Then multiply the GCF to all the remaining prime factors.  You are doing this because the prime factor string for the LCM must account for all the prime factors in your original numbers.  If not then you do not have the LCM.

Notice every prime in the prime factor string for the LCM (2160) is used at least once.  It is important to understand that the prime factor string for the LCM (2160 in this case) is the shortest factor string possible that will account for the prime factor strings of 144 and 1080.  This is the very meaning of least common multiple.  If you multiply the factor sting for 2160 by 2, you have a common multiple of 144 and 1080 but it is not the least common multiple.

Finding GCF using Prime Factorization

You have lots of experience finding the greatest common factor with various methods (u-turn, listing, rainbow).  However, the most efficient way to find the GCF for any two or more numbers, especially large numbers, is to use prime factorization.  Remember, the prime factor string for any number is unique.  Breaking numbers down into their basic prime factors allows us to manipulate them in ways that help us do things like find GCF and LCM of numbers.  For those of us that stress over simplifying large fractions, prime factorization is invaluable.  See below.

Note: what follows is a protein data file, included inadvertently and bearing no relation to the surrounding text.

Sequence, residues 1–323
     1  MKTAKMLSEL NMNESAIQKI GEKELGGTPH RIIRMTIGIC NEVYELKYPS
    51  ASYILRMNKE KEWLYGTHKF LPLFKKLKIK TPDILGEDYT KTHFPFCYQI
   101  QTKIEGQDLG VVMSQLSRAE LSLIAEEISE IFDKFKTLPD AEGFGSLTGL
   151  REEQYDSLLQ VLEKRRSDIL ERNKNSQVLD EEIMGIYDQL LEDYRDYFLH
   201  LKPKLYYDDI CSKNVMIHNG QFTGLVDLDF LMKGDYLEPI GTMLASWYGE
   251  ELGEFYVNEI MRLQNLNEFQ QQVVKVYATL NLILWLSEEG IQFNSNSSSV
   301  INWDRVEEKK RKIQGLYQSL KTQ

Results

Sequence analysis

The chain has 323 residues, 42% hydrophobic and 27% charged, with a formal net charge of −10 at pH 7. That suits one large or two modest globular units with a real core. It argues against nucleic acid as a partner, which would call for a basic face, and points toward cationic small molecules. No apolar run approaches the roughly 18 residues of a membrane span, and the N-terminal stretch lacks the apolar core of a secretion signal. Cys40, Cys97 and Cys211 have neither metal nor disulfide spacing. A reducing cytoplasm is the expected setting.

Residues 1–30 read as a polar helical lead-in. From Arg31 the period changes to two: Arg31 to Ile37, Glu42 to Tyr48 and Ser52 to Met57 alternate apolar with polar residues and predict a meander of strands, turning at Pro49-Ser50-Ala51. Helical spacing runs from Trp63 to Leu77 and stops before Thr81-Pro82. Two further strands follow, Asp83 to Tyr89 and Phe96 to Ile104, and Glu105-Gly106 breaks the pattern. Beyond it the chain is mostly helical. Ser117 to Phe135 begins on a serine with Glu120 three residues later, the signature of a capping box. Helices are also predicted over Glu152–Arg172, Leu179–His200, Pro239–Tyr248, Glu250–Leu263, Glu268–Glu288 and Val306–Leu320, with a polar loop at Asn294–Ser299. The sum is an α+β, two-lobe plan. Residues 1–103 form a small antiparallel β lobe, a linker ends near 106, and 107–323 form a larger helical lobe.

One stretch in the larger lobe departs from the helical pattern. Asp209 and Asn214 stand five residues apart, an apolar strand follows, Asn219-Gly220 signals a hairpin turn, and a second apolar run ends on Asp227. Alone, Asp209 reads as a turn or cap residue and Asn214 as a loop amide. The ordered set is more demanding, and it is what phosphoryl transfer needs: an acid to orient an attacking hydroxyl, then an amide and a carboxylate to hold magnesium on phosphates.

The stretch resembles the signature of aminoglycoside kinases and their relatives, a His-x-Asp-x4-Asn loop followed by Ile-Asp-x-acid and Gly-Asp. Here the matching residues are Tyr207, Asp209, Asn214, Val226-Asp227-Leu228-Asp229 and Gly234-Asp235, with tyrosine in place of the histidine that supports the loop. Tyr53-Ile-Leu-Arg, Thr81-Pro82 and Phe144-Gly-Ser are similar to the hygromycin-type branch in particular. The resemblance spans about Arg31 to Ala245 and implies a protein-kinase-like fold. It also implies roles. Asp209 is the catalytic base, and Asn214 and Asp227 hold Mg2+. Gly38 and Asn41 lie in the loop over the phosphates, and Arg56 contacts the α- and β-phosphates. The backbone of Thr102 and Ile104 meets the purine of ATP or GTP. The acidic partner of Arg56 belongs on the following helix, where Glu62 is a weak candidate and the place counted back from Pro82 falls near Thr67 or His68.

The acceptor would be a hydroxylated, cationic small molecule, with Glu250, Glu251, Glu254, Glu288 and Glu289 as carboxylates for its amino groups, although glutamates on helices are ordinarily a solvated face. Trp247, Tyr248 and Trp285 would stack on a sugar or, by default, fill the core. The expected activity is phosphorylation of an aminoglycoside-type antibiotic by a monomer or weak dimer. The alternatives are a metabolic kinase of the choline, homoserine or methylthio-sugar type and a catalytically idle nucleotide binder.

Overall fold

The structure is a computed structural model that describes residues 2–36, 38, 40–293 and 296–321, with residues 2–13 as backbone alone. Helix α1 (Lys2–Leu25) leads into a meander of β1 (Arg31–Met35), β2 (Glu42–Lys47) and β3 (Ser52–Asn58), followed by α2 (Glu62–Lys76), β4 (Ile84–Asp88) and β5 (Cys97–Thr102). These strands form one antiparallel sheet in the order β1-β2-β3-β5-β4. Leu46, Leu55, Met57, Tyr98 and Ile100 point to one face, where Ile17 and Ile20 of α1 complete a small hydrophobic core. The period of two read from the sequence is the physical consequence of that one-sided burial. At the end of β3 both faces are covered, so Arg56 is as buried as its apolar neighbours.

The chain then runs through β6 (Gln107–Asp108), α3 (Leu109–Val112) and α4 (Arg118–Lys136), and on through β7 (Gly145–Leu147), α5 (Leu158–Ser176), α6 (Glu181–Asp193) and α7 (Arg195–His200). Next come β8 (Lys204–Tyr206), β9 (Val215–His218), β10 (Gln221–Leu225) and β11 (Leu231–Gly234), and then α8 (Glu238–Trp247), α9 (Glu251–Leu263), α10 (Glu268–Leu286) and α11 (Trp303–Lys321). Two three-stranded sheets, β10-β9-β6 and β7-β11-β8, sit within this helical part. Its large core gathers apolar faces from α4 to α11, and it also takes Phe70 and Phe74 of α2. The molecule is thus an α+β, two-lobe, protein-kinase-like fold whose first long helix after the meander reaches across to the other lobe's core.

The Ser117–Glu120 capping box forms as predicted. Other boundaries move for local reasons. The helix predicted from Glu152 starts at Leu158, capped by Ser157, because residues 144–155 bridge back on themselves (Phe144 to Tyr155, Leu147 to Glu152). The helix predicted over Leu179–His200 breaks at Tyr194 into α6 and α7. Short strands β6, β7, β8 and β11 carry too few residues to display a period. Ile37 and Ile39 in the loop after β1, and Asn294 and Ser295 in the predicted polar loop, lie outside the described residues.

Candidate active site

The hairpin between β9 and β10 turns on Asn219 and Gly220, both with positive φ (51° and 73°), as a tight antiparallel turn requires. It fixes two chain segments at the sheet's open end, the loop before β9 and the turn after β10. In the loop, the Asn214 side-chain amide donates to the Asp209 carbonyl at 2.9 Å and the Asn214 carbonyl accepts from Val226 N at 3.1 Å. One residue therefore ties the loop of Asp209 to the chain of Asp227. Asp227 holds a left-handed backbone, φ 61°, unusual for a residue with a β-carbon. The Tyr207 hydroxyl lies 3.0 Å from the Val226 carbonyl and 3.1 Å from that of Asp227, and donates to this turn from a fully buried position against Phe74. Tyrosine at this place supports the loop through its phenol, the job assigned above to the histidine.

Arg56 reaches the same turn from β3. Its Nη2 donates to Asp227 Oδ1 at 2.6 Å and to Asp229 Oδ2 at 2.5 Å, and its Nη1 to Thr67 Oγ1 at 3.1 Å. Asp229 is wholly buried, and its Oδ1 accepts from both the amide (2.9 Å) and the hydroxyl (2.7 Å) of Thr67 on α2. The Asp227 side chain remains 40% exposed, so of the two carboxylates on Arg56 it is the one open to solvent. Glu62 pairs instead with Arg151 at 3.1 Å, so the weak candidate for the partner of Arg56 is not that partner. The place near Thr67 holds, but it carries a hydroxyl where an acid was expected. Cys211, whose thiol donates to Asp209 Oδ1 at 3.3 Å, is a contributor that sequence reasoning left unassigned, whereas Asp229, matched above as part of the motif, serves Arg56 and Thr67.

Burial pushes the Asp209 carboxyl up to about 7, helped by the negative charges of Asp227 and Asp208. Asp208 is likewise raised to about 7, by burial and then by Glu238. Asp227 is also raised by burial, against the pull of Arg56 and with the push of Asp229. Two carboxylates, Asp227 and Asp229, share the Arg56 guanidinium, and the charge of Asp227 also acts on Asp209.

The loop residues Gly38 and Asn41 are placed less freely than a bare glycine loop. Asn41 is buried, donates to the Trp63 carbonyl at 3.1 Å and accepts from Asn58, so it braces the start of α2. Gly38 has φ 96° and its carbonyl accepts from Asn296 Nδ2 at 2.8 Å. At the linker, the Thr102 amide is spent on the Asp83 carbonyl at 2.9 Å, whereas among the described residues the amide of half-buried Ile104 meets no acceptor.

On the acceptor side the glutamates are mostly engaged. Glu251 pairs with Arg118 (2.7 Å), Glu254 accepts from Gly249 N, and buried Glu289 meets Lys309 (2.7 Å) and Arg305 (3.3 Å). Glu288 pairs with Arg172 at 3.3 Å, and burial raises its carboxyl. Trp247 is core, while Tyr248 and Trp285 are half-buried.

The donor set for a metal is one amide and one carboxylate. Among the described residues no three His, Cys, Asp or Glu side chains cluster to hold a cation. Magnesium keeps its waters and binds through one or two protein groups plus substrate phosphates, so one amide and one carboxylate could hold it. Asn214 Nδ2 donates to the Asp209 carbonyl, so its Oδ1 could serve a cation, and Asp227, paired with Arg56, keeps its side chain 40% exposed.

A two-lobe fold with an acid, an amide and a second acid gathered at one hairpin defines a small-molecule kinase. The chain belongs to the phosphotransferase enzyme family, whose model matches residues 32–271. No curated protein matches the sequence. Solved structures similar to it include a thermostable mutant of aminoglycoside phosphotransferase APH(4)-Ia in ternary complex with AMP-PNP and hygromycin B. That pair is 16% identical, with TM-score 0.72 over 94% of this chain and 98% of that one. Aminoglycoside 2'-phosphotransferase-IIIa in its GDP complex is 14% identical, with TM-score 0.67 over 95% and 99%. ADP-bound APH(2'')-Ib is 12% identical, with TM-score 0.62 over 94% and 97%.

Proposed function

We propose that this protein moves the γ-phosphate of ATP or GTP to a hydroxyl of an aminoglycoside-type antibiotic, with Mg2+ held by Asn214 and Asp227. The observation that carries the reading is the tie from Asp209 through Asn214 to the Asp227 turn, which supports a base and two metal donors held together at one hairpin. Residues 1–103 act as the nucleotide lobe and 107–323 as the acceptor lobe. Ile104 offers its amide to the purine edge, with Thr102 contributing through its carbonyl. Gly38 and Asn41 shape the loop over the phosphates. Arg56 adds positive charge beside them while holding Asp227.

Notice only the COMMON primes between the two numbers are highlight in red.  When you multiply these common primes together you get a product of 72.  This is the greatest factor that is shared among the two numbers.  You may also notice that 12 is a common factor because the prime factor string 2 x 2 x 2 x 3 is found within both of the factor strings of 144 and 1080.  Can you find more common factors of these two number just by looking at their prime factor strings?